Making the douhua using GDL measured by 1/4 teaspoon instead of a precise scale. The douhua came out watery because teaspoon measurement is not accurate.

MAKING DOUHUA USING GDL

INGREDIENTS

Steaming method

  • 400 ml (1 2/3 cup) homemade soy milk (or store-bought soy milk), room temperature
  • 1 g GDL (1/4 t) (*Footnote 1)
  • (Optional) A pinch of salt and/or sugar (*Footnote 2)

Pouring method

  • 1 g cornstarch (1/4 t) (*Footnote 1)
  • 1 tablespoon water

INSTRUCTIONS

Steaming method

  1. Prepare a heatproof bowl or container that can hold at least 2 cups of water and will fit into your steamer. Add a small amount of the GDL, soy milk, salt/sugar if using, and mix until fully dissolved. Then slowly pour in the rest of the soy milk and stir constantly to mix in the GDL. Cover with plastic wrap.
  2. Add water to your steamer and bring it to a full boil. Place the bowl with the soy milk mixture into the steamer, cover the steamer, and steam for 9 minutes over high heat.
  3. Once done, remove the steamer from the stove. Uncover carefully to let the steam out, and poke a few holes with a fork on the plastic to release the condensation while the tofu cools.
  4. Once the steam is mostly released, remove the plastic wrap and serve the douhua warm or cold. 

Pouring method

  1. Heat the soymilk in a small pot until simmering but not boiling.
  2. While heating the soy milk, combine the GDL, cornstarch and water in a small bowl. Stir to dissolve completely. Right before pouring the soy milk, you should stir again because the GDL will separate if the mixture sits for too long.
  3. Pour the hot soymilk over the mixture from a foot (30 cm) above, which will allow the GDL to mix in thoroughly. Do not touch the mixture or move the bowl once poured, so the douhua can properly set.
  4. Cover with a few layers of kitchen paper towels and secure it with a lid or a large plate, so the paper will absorb any condensation and won’t dip into the soymilk. Let sit undisturbed for 20 to 30 minutes.

FOOTNOTE

1- I highly recommend using a precise scale for GDL because the teaspoon measurement is not accurate at all. If using store bought soy milk, use 1.5 g (a heaping 1/4 tsp or 3/8 tsp) GDL.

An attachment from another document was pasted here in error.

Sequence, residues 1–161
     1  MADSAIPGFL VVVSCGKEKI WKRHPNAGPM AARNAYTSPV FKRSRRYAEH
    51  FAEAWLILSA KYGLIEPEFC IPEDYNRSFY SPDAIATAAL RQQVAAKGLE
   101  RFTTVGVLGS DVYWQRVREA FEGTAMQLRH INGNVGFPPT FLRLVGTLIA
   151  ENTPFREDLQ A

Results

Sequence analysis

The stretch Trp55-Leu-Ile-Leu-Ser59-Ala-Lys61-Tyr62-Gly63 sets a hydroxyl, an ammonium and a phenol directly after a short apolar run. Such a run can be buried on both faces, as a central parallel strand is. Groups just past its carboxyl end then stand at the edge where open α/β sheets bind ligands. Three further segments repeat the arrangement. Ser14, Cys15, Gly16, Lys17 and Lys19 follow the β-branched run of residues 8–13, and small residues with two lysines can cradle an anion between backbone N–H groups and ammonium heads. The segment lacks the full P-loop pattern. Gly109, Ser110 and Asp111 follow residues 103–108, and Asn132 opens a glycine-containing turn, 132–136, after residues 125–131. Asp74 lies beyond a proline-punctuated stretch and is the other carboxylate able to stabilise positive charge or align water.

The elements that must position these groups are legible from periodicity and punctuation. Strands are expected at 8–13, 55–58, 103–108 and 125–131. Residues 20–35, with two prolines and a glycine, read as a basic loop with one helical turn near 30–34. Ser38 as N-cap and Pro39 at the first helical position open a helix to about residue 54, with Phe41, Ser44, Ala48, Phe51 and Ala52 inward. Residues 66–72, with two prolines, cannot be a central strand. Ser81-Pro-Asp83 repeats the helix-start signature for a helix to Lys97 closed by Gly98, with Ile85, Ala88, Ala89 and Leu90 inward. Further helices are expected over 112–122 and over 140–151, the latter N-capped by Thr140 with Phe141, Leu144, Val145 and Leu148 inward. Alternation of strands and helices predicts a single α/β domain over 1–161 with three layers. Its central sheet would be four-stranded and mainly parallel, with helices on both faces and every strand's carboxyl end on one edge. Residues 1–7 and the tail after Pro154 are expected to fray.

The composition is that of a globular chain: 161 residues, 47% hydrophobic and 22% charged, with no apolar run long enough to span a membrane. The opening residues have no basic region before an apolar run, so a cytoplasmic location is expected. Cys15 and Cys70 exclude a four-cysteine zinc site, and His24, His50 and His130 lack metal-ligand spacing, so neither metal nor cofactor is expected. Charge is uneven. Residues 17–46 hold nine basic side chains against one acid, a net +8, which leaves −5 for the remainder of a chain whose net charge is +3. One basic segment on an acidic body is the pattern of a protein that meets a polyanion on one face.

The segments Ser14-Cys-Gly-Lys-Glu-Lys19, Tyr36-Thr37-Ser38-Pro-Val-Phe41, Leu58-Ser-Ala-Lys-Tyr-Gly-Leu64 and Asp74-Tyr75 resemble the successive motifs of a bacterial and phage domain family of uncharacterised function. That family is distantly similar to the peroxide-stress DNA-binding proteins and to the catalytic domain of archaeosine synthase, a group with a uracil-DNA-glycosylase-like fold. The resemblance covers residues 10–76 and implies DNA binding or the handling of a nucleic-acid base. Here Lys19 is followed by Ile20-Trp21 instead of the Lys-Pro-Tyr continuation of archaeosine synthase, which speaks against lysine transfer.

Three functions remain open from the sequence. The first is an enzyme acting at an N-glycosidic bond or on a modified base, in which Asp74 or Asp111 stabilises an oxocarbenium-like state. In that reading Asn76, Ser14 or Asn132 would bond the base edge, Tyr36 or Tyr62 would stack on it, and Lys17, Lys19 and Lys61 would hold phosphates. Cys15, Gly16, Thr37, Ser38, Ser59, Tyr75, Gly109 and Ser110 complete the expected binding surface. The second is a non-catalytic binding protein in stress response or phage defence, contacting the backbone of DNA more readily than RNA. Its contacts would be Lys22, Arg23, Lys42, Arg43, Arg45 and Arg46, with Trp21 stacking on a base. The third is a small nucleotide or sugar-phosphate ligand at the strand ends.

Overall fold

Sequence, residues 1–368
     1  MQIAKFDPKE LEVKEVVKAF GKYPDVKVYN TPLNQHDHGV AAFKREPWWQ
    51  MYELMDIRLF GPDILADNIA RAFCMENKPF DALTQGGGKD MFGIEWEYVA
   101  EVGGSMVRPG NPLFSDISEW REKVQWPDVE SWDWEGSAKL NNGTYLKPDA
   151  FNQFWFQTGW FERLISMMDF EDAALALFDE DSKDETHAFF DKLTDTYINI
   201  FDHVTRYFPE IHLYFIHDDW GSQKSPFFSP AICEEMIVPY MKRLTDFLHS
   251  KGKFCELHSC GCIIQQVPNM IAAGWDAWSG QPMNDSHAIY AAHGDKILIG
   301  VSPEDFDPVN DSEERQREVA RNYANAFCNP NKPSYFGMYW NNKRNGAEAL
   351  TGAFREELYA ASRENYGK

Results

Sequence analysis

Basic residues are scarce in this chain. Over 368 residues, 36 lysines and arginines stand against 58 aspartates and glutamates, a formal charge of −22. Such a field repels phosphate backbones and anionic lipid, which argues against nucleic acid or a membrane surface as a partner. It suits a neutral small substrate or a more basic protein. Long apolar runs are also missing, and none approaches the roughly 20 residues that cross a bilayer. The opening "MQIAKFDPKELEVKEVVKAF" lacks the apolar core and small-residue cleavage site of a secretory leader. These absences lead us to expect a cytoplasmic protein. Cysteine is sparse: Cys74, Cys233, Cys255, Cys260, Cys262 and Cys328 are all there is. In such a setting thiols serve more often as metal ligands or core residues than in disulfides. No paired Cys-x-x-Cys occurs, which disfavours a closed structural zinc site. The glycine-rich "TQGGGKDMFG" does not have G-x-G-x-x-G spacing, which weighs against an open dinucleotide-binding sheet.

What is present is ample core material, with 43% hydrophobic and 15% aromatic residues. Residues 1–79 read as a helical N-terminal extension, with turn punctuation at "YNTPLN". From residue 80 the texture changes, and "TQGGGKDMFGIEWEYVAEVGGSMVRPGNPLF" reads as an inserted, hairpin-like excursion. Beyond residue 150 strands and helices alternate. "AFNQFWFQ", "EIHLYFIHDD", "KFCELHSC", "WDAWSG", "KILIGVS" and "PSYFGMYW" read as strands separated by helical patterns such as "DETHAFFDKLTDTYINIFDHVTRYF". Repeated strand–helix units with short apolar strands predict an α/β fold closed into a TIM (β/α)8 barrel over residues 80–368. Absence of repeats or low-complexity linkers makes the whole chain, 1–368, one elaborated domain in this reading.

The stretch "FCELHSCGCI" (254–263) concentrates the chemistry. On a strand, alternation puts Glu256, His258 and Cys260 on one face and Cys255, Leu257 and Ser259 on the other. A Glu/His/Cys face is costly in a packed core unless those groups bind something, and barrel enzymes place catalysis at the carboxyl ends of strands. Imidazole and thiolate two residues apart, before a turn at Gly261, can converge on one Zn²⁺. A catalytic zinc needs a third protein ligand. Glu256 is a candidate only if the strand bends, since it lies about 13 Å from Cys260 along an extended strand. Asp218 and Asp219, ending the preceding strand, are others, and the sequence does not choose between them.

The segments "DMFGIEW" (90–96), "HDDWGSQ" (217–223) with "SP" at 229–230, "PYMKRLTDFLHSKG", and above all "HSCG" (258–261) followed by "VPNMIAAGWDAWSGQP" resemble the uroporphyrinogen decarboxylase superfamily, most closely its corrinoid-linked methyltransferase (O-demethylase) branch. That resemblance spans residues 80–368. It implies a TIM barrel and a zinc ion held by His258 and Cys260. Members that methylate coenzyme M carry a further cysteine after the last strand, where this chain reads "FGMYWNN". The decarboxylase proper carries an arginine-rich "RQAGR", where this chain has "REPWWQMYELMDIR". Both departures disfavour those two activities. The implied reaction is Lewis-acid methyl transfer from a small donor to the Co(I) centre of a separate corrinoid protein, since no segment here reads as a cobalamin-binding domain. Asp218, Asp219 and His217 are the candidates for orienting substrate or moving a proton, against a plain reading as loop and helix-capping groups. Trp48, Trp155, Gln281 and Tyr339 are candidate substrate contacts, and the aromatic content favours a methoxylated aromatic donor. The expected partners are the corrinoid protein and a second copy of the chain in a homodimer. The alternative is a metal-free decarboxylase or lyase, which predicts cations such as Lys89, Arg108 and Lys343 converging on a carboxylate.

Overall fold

2- The douhua will have a bit acidic aftertaste without using any sugar or salt. But if you serve it with a sauce, the aftertaste is not noticeable. 

Making douhua using Gelatin

Gelatin is a translucent flavorless powder made from collagen taken from animal parts. So you should avoid this method if you’re vegetarian or vegan.

Although it looks soft and smooth on the picture, I personally do not like this method because it produces a Jello-like texture that is slightly bouncy and sticky. It also only produces cold douhua due to the cooking method.

But gelatin is an ingredient that is easy to find and you can usually get it at a regular grocery store.

Tofu pudding made with gelatine

MAKING DOUHUA USING GELATIN

INGREDIENTS

  • 325 ml (1 1/3 cup + 1 teaspoon) homemade soy milk (or store-bought soy milk), cold or room temperature
  • 1 teaspoon gelatin

INSTRUCTIONS

  1. Add 2 tablespoons of the soymilk to a heatproof bowl and sprinkle over the gelatin. Let sit for 5 minutes.
  2. Add the remaining soymilk to a small pot and bring to a boil. Pour over the hydrated gelatin mixture. Mix with a spoon until the gelatin is completely dissolved.
  3. Cover with a few layers of kitchen paper towels and secure it with a lid or a large plate. Transfer the bowl to the refrigerator and let rest for at least 4 hours.
  4. Serve cold or at room temperature.

Making douhua using Agar Agar

Agar Agar (or agar) is a jelly-like substance made from red algae, a type of seaweed. It’s a common ingredient in Japanese cuisine and a popular one to replace gelatin to make vegan desserts.

I have included this method because agar agar is relatively easy to find, especially in Asian markets and organic grocery stores. You can also find it on Amazon.

But similar to gelatin, it creates a texture that is jelly-like with a slightly stiff mouthfeel. The method also only produces cold/room temperature douhua. I do not recommend this method if you’re looking for a very authentic douhua texture.

Tofu pudding made with agar agar

MAKING DOUHUA USING AGAR AGAR

INGREDIENTS

  • 325 ml (1 1/3 cup + 1 teaspoon) homemade soy milk (or store-bought soy milk), cold or room temperature
  • 1/2 teaspoon agar agar

INSTRUCTIONS

  1. Combine the soy milk and agar agar in a small pot and stir to incorporate. Heat over medium-high heat, stirring constantly, until bringing to a light boil. Turn to medium-low heat to reduce it to a low simmer, then cook for another 5 minutes or until the agar agar is fully dissolved.
  2. Pour the mixture into a heat proof bowl or container. Cover with a few layers of paper towels and secure it with a lid or a large plate. Transfer the bowl to the refrigerator and let it rest for at least 1 hour.